BIG QUESTION in MEDIEVAL
WHAT IS FAITH?
WHAT IS RELIGION?
Faith is personal: INTERNAL, Within the power
of the “I”. It is both the cognitive and the
emotive. It is within the context of it and NOT
bound with QUANDARY.
Religion: EXTERNAL: bound with the choice we
made. It can be change. It is structural and
• Medieval philosophy is the
philosophy in the era now
known as medieval or the
Middle Ages, the period
roughly extending from the fall
of the Western Roma Empire
in the fifth century AD to the
Renaissance in the sixteenth
• Essentially “monotheistic”
• From a state of polytheism to a
belief in a one and only God.
• God here is the center of
Medieval philosophy is not to be
separated from theology
Medieval Philosophy and the
Problem of Evil
The Dark Ages
The "Dark Ages" is a historical
period emphasizing the cultural
and economic deterioration that
occurred in Europe following the
decline of the Roma Empire.
The label employs traditional
“light-versus darkness” imagery to
contrast the "darkness" of the
period with earlier and later
periods of "light“ (Middle Age).
The period is characterized by a
relative scarcity of historical and
other written records at least for
some areas of Europe, rendering it
obscure to historians.
Petrarch conceived the idea of a European "Dark Age".
From Cycle of Famous Men and Women, c. 1450
Challenged Church Authority
• In the 16th century,
had begun to ask
• The Enlightenment
allowed people to
believe in progress,
to “think outside the
box,” and it led to
the rise of
The Ninety-Five Theses, (1517) written by Martin
Luther, described his hopes and wants for reform in the
Catholic Church. This effectively challenged the pope'e
authority and the infallibility of the general council, and
eventually led to Luther being excommunicated from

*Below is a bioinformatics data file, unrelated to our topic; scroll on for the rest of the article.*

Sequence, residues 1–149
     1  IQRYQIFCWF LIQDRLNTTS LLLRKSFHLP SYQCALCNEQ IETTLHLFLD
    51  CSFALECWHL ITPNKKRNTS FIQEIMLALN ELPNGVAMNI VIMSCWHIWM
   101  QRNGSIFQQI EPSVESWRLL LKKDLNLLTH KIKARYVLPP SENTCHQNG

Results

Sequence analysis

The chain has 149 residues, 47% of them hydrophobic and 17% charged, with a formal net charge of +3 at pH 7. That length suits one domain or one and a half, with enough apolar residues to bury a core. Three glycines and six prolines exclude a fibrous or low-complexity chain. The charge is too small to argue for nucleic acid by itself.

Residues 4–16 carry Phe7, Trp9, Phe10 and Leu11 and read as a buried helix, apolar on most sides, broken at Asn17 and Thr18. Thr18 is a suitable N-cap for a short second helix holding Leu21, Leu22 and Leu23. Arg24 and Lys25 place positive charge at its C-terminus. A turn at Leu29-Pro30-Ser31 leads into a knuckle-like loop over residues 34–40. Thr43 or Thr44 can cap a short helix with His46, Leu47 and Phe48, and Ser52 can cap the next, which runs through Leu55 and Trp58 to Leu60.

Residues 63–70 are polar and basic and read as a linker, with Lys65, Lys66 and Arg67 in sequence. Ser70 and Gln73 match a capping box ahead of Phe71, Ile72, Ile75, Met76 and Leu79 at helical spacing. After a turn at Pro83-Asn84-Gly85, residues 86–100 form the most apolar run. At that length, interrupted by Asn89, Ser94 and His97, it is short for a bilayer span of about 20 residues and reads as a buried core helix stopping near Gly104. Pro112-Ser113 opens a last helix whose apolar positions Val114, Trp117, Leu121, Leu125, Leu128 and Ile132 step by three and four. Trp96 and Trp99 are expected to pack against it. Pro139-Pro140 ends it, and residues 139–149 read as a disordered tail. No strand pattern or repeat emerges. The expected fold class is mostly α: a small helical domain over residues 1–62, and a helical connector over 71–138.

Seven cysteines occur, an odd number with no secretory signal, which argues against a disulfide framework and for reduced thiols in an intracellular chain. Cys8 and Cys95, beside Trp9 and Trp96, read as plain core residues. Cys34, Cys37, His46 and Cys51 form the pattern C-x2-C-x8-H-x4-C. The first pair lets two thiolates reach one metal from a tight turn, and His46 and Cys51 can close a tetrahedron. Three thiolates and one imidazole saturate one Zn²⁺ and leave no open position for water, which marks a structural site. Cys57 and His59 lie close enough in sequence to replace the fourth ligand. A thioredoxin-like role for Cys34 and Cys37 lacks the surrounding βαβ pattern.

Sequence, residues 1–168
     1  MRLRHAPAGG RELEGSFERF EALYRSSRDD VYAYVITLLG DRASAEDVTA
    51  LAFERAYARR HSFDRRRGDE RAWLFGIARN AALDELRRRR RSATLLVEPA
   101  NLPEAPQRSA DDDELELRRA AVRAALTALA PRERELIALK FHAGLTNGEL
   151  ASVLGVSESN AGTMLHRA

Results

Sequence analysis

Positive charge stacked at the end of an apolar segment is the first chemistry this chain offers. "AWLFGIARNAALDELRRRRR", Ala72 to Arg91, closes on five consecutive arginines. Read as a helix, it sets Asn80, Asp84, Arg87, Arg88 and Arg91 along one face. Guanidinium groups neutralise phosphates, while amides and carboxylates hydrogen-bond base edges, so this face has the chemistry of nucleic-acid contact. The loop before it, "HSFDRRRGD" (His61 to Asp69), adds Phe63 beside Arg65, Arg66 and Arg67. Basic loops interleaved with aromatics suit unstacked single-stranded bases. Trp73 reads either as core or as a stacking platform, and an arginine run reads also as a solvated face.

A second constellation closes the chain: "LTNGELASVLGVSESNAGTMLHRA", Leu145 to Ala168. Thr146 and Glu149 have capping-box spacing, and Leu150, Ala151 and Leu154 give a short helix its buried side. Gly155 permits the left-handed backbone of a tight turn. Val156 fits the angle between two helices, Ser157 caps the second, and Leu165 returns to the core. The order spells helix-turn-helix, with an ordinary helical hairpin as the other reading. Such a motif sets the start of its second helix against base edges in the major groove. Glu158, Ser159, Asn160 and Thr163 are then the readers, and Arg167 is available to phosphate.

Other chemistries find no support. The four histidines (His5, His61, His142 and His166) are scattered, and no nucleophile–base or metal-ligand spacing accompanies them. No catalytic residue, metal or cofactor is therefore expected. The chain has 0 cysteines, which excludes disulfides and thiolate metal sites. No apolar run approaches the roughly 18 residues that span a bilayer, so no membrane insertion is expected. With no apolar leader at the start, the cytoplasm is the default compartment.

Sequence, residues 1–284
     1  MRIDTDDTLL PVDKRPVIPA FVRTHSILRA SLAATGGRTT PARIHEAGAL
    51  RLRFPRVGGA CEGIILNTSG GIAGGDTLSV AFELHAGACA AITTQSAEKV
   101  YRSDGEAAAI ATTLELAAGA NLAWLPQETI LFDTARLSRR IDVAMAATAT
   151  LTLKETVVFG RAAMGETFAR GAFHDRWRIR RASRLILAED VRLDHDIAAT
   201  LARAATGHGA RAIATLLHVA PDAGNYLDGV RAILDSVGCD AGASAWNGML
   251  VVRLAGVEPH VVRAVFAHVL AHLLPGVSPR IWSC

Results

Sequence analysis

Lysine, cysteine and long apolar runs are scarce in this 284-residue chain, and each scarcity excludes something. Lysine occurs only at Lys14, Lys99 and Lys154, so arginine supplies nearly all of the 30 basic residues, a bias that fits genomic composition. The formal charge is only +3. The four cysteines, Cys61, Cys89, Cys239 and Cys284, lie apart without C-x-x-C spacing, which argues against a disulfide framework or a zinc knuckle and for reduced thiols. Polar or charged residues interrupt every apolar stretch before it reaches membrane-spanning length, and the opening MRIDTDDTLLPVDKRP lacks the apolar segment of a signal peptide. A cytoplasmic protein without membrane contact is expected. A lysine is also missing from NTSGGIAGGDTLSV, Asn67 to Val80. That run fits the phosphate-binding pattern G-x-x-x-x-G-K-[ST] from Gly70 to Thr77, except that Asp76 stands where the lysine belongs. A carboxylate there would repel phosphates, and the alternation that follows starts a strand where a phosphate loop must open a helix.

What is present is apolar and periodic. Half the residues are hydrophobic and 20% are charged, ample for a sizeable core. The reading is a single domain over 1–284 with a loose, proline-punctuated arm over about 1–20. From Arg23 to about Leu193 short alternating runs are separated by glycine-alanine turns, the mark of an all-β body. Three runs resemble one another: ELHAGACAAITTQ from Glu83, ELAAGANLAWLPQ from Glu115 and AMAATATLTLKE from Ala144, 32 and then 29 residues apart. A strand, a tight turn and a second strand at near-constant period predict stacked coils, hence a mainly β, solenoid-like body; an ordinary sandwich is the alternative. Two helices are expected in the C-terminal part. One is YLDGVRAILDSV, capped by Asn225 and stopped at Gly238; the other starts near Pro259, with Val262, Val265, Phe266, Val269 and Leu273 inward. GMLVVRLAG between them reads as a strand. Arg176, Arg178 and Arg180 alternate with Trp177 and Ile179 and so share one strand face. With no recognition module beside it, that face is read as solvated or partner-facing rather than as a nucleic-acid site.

the church and declared a public enemy by the
state.The 95 Theses were translated into German and
RPC2013 ideas were circulated throughout the empire.
• The term medieval refers to the Middle Ages,
the time in European history between classical
antiquity and the Italian Renaissance, from
about 500 A.D. to about 1350 ( 13th)
• Medieval philosophy is theocentric in its
• During the decline of Greco-Roman
civilization, Western philosophers turned their
attention from the scientific investigation of
nature and the search for happiness in this
world, to the problem of salvation and life in
another, better world.
• The torch of civilization in Western Europe
was carried mainly by the Christian Church,
where thought were conducted under the
context of Christian doctrines
• By the 3rd century AD, Christianity had spread
throughout the Roman Empire.
• The religious teachings of the Gospels were
combined by the Fathers of the Church with
many of the philosophical concepts of the
Greeks and Roman schools.
“You are great, O Lord, and man desires to
praise you. You so excite him that to praise
you is his joy. For you have made us for
yourself and our hearts are restless until they
rest in You.”
• His mother urged him
to be baptised.
• Began to study under
• Became fascinated by
intellectual nature of
• Was not baptised, at
first, because he didn’t
want to give up life of
His Philosophical Beliefs
• The man with his strenght does not exceed
this viscious cycle of not being able to not
want what cannot get
• Only the grace of Christ save us
• History is called original sin
Jesus says that the Holy Spirit "will convince the world
concerning sin" (Jn 16:8). As I tried to penetrate these words,
I was led back to the opening pages of the Book of Genesis, to
the event known as "original sin."
• described the nature of this sin as
follows: amor sui usque ad contemptum Dei
—self-love to the point of contempt for God.
• It was amor sui which drove our first parents
toward that initial rebellion and then gave rise